Review Summary: The Black Angels enter the psychedelic pop realm.
Functioning as a 4-piece now, the neo-psychedelic rock act The Black Angels have dropped their 4th effort, aptly titled Indigo Meadow
. Since the band have already had three rather strong records, expectations were quite high for Indigo Meadow
, but fortunately, they deliver yet another enjoyable and interesting effort.
For those unaccustomed to these guys, The Black Angels take their cues mainly from 60's psychedelia such as The Doors or The 13th Floor Elevator. Also, pastiche acts like The Brian Jonestown Massacre, early Dandy Warhols, with a bit of shoegaze in the vein of The Jesus And Mary Chain and early 2000s Black Rebel Motorcycle Club have had an important role in shaping the band's sound. However, in contrast to their peers, The Black Angels haven't ventured much outside the comfort zone, opting to improve the same formula with each album. As a result, Indigo Meadow
revolves around the same ideas, but it's a more dynamic, less abrasive offering compared with the likes of Passover
or even its' predecessor, Phosphene Dream
. Even if the production is more polished than usual, the tracks themselves are less repetitive, being more pop-oriented. Still, none of the band's charm is lost, in fact Indigo Meadow acts like one of their most consistent albums. They toy around with all the tricks learned over the course of a decade, contriving them into short, powerful numbers. No matter how much one likes them or not, it's hard not to admit The Black Angels know how to create catchy hooks with cool, dark undertones. The best example here is first single "Don't Play With Guns", that takes a rather superficial stab at the American gun culture and how easy people can go out of control, killing others. The foundation of the song is based on a dense, bass-heavy rhythm and an infectious vocal delivery courtesy of Alex Maas, who gives Indigo Meadow a whole new dimension with his playful, nasal voice.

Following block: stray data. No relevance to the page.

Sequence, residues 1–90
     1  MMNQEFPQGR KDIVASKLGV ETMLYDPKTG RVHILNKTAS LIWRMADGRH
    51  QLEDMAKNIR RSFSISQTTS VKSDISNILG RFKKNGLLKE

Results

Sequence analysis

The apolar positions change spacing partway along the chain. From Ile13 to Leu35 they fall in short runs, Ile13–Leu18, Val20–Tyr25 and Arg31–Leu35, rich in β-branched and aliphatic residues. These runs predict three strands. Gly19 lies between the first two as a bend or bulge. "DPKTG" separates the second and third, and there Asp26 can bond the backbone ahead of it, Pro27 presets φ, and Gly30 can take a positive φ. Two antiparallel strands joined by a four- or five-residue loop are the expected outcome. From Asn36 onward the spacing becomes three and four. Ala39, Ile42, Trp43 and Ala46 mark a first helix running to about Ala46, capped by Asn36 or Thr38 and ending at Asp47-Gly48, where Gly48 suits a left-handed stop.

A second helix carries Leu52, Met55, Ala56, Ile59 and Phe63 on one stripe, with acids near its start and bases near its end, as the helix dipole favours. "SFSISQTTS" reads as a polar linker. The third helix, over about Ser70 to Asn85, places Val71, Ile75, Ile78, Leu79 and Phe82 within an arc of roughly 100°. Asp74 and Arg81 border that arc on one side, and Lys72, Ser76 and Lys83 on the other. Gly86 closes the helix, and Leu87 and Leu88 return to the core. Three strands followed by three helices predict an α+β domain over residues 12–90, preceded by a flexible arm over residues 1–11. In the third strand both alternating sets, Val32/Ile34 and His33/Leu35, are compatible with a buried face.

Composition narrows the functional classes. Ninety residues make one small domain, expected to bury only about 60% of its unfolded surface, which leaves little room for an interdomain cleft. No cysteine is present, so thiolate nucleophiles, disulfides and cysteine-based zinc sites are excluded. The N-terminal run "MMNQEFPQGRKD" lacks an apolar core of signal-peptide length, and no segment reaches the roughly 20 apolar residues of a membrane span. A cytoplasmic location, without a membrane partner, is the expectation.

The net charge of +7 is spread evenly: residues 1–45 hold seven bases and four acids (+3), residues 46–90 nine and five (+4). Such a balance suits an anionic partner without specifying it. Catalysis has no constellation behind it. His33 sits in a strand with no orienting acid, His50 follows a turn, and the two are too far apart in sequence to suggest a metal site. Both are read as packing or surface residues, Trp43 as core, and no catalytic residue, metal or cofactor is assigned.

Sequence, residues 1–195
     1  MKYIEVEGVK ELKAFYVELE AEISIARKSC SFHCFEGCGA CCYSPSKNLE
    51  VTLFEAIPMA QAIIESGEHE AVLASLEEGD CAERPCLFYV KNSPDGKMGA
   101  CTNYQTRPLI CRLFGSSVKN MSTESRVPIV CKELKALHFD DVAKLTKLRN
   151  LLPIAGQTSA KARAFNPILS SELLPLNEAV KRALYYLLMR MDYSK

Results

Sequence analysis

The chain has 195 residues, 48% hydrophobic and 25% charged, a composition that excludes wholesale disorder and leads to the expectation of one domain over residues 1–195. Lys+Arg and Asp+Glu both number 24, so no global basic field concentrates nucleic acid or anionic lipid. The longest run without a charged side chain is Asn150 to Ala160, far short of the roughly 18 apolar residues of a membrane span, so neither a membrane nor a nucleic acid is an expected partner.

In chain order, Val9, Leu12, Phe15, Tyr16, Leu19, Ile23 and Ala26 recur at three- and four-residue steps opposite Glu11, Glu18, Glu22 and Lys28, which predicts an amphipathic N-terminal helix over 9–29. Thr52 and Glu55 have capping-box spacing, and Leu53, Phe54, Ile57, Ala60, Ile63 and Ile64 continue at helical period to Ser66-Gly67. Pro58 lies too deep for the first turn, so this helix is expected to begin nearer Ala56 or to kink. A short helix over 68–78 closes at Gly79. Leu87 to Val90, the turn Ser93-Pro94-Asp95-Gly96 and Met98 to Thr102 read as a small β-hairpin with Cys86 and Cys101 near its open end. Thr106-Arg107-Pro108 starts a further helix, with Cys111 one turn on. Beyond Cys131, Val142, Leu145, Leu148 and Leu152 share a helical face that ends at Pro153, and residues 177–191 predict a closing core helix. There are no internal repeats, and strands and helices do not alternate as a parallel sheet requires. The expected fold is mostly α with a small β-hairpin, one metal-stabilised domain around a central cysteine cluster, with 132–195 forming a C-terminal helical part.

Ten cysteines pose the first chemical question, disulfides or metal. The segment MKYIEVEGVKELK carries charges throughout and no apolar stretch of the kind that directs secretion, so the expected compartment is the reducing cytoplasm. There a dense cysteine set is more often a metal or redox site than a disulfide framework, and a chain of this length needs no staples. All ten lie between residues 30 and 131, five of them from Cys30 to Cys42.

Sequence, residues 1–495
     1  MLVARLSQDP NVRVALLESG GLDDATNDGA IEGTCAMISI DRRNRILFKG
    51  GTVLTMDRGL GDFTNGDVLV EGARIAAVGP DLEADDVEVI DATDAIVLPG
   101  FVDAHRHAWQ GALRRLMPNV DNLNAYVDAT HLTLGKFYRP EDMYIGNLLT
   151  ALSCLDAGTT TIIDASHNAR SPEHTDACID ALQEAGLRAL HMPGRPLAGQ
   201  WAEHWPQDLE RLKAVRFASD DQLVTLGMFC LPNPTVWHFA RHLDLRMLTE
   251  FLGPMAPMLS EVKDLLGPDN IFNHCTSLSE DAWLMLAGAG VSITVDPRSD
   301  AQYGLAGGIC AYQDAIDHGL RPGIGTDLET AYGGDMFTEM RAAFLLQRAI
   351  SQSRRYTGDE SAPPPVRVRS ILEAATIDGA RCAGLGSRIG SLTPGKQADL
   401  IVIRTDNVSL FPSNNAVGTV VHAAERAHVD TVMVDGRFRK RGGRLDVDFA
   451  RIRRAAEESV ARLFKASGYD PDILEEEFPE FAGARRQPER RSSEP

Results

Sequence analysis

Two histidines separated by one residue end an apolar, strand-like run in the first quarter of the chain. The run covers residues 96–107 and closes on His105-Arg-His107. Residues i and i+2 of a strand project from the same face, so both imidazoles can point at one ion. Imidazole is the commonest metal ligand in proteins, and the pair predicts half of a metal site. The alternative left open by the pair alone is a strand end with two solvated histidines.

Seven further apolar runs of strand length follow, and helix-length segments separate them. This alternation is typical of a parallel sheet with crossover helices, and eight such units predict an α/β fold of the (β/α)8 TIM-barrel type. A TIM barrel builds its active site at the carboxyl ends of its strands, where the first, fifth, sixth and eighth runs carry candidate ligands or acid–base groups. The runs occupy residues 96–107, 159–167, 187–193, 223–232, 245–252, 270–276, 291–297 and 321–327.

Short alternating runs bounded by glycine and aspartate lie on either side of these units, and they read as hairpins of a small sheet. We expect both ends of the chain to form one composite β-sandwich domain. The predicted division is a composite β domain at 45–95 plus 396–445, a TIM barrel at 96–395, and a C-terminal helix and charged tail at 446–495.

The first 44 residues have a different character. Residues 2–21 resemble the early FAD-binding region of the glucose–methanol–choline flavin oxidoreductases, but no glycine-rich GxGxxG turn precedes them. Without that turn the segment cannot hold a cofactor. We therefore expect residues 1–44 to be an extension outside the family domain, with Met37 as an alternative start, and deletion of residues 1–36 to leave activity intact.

Although not as dark and brooding as the rest, Indigo Meadow
features a lot of memorable moments, fairly increasing its' replay value. Some of the best songs here are the country blues rocker "Love Me Forever", with a simple yet poignant chorus sung on a firm tone repeating "Love me forever/Love me or never" over a cool, sharp guitar riff. Also, at opposite ends are "Holland" and "You're Mine", the former being an eerie, mid-tempo Brian Jonestown Massacre reminiscing psychedelic tune. The hypnotic organ lead and reverbed guitar create a shady atmosphere, feeling like the soundtrack to a late night walk in the woods. "You're Mine", however, is one of Black Angels' sunniest and poppiest tunes ever recorded. The song finds a love-absorbed Alex Maas sharing his feelings towards his girl. There are traces of psychedelia present through the background synths and high pitched guitar solos towards the end, but again the flawless vocal delivery and groovy rhythm inevitably get stuck in the listener's head. Some fans might find it too positive in contrast with the band's usual stark output, yet within Indigo Meadow
's context this unexpected garage pop rock track thingy really finds its' place. Other highlights include the marching, tremolo-laden "Broken Soldier" which echoes The Doors and the hectic, LSD-induced "I Hear Colors (Chromaesthesia)" will please the older fans.
In the end, Indigo Meadow
is a really cool, fun record that only strengthens The Black Angels' position in their psychedelic rock pastiche niche. Some fans might be turned off by the pop leanings, but there's something for everyone here and the filler amount is kept to a minimum. Even so, like most of 60's pastiche, it feels familiar at times and doesn't cover much new ground. While other similar bands popped outside the bubble with various results, The Black Angels always stayed put and reworked the same ideas. Thankfully, the pop-tinged material found on Indigo Meadow
offers diversity within their catalog, since they've been churning noisy, reverbed soaked trips for three albums now. Everyone should keep an eye on The Black Angels from now on, because they are slowly expanding and so far it sounds great.